Taxes: Uncle Sam, The dude in the Top Hat and funny colored suit. He wants his share. Let’s assume the person with $1,000,000 is single. We live in a progressive tax environment—meaning our tax rate starts at 10 percent for the first $9,000 we earn. The tax rate continues to rise as earnings increase. Earnings over $510,301 are taxed at the highest tax rate of 37 percent. On the $500,000 portion alone, taxes are eating up $189,000. There’s more. The first $500,000 was taxed at lower rates. Plus, you have the state and local taxing authority wanting their piece of the pie. That $1,000,000 looks a lot like $650,000 after taxes. You also want to get a good tax advisor on your team to help reduce the overall tax burden.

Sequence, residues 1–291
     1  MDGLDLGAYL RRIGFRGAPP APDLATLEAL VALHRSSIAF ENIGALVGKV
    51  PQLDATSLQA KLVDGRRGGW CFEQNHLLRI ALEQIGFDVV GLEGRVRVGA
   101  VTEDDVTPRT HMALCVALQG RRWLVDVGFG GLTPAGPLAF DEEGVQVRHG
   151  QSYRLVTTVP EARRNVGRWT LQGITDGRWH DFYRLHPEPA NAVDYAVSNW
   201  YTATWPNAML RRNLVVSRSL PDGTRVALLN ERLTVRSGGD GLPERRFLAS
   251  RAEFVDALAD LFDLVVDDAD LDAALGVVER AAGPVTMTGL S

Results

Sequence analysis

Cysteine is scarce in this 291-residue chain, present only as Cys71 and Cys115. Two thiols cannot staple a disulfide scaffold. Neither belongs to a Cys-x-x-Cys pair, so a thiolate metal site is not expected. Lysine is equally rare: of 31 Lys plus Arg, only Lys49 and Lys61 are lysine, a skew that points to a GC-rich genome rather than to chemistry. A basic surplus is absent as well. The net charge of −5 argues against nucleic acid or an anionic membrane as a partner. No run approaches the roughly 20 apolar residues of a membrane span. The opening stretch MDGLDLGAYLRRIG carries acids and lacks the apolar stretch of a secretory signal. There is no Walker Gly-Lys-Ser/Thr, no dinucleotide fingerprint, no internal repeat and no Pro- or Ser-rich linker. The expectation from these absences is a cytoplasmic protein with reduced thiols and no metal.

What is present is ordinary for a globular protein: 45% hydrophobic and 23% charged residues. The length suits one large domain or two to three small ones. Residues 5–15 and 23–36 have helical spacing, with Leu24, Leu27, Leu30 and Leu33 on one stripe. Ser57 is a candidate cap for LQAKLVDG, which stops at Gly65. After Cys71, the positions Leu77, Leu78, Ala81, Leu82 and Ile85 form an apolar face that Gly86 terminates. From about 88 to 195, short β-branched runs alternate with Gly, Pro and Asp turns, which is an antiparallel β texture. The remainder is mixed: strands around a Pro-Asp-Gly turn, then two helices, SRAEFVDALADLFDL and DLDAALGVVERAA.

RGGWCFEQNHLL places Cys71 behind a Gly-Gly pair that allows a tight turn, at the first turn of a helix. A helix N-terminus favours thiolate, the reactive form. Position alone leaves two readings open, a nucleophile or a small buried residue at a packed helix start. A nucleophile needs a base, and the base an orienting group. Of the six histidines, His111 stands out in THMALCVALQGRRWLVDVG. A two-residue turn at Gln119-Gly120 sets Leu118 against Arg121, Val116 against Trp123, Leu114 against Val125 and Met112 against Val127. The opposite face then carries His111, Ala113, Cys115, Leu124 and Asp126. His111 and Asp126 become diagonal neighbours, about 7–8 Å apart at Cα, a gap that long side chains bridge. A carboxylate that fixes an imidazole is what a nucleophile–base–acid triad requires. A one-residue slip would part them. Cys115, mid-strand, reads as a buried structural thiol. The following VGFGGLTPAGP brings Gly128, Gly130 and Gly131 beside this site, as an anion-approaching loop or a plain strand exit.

Agent/Advisor: You will not have an agent. If you come into that type of money, you’d certainly want a financial and/or tax advisor. Someone who will look out for your best interest and give you sound advice. Someone who will show you how to make your money grow and create generational wealth. This will not be free. Price can vary from a couple of thousand to hundreds of thousands to millions of dollars depending on the complexities of your financial situation.